In Schiller’s telling, the story covers a short period preceding Mary’s execution during which she is imprisoned/confined by her first cousin (once removed) on charges of treason. The terms of her confinement are somewhat undefined – she is held at the estate of Paulet (Mr. Lehman) while Elizabeth contemplates her fate, is attended by a servant (Ms. Harrower), and is allowed some freedom of movement on the estate. The early scenes in the play feature her in dialogue with her servant as she contemplates the loss of her reign over Scotland and her fealty to her Catholic faith.
Meanwhile, also in the first half of the play, Elizabeth is counseled in a number of different directions by a bevy of male advisors, one of whom, Leicester (Mr. Eleveld), is also her paramour. But Leicester is really in love with Mary, and Elizabeth has consented to be married to the King of France, so you get the picture: it’s complicated.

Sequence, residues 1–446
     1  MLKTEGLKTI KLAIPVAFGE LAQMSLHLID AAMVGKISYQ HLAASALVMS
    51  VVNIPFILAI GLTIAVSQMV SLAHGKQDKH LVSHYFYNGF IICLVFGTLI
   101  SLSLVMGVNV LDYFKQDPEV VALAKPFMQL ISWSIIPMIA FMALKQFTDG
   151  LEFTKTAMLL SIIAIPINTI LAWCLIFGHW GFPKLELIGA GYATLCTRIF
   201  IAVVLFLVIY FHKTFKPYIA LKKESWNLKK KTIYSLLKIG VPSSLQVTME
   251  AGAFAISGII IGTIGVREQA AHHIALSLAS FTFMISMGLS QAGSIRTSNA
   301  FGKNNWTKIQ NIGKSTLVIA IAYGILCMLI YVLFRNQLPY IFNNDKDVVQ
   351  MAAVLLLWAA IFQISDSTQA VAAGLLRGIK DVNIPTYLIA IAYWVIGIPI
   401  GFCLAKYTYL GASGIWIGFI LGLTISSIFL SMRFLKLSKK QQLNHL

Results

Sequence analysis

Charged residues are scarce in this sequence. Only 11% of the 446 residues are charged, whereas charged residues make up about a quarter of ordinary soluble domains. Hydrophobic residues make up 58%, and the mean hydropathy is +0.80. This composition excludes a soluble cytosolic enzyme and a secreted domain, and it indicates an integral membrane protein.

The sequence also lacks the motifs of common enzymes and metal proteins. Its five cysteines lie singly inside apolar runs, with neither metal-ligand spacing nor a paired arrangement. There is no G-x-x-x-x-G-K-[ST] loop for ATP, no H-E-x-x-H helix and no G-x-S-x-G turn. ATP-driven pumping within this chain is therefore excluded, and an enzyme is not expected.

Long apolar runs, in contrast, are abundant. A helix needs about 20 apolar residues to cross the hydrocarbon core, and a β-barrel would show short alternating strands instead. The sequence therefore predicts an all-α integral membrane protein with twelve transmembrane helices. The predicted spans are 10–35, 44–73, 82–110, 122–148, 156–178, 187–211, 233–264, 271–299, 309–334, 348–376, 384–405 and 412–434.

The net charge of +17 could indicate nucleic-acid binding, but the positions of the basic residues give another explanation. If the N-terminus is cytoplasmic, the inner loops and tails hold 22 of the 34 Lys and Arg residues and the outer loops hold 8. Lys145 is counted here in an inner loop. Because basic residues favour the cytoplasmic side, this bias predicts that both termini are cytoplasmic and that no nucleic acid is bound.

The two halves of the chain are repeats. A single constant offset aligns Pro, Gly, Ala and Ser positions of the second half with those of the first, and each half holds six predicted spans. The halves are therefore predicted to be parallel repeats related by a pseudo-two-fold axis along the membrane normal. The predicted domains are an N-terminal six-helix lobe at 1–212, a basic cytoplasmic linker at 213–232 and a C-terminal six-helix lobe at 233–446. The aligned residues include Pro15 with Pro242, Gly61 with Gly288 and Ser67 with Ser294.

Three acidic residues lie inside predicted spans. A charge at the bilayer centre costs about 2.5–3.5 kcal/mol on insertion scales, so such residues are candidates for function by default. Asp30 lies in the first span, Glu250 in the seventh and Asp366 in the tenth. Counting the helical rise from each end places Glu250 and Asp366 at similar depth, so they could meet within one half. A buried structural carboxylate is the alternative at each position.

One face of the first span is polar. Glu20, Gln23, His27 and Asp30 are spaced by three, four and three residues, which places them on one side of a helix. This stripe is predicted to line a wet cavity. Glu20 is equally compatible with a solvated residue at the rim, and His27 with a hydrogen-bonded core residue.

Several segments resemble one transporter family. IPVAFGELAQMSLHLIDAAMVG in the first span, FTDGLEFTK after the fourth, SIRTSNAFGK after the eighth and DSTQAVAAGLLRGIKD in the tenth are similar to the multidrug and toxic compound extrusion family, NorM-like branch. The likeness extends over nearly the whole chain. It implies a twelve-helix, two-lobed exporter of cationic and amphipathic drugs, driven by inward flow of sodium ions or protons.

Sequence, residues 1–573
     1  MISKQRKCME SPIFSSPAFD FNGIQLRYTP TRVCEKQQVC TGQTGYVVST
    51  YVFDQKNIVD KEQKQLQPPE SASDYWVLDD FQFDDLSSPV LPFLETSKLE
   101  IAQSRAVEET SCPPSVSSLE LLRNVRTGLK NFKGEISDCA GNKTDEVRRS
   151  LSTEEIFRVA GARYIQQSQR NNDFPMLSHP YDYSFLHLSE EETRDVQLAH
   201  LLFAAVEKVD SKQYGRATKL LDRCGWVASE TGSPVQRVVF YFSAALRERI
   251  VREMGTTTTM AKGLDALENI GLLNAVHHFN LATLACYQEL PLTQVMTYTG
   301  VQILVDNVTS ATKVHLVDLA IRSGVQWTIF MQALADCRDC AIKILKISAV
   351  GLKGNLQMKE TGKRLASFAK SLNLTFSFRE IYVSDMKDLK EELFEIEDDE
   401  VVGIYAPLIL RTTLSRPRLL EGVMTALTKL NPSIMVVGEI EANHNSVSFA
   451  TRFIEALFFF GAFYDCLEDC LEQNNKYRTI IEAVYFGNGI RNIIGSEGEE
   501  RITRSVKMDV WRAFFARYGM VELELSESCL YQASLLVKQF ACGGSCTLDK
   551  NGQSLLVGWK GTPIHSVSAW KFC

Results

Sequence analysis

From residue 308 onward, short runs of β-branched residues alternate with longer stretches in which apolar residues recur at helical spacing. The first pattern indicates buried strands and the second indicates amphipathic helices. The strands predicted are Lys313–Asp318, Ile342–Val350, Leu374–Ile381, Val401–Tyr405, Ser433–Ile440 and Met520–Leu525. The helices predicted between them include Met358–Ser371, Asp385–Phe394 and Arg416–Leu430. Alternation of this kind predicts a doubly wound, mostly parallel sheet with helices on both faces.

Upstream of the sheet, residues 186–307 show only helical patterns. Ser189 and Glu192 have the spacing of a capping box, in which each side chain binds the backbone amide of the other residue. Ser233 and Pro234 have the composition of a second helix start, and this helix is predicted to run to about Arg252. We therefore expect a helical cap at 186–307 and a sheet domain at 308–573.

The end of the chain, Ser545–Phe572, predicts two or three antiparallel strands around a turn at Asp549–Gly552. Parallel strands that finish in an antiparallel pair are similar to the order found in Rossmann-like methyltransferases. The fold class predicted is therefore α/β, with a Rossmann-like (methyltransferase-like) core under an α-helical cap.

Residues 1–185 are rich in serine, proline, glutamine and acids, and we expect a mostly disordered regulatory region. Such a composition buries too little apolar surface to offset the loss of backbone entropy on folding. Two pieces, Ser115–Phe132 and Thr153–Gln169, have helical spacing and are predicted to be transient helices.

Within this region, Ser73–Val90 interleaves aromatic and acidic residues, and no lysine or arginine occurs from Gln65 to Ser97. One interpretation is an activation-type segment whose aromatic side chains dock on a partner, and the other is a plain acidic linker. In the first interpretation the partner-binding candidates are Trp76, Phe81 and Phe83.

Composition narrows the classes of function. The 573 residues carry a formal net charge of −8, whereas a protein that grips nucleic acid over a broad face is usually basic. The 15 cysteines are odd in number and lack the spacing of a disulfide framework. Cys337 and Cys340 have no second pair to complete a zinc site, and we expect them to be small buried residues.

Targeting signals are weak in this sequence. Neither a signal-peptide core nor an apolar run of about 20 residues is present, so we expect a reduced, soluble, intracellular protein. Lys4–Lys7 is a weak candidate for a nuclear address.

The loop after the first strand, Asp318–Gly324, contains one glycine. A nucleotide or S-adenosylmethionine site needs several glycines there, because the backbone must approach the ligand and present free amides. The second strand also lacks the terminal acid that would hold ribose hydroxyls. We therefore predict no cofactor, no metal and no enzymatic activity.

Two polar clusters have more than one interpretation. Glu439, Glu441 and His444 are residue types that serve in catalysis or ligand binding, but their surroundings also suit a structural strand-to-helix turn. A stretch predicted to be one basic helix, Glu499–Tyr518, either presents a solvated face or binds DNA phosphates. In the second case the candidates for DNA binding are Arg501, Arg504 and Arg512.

In the second half of the play (the original script is in five acts; the performance was divided into two, with an intermission between them), Elizabeth and Mary meet so that the queen can see the woman whose fate she controls. Their climactic scene provides Ms. Rietkerk with an extended defense of her position that morphs into an attack on the queen that effectively seals her fate.
But, in the end, the play is as much about Elizabeth’s anguish as it is about Mary’s demise. As Mr. Salas noted in the printed program, “If one approaches leadership with an iron fist, one risks losing humanity. If one approaches leadership with an open heart, one risks heartbreak.” Elizabeth, in a gripping moment that closes the play, is left alone, having quite probably lost her humanity even as her heart is broken.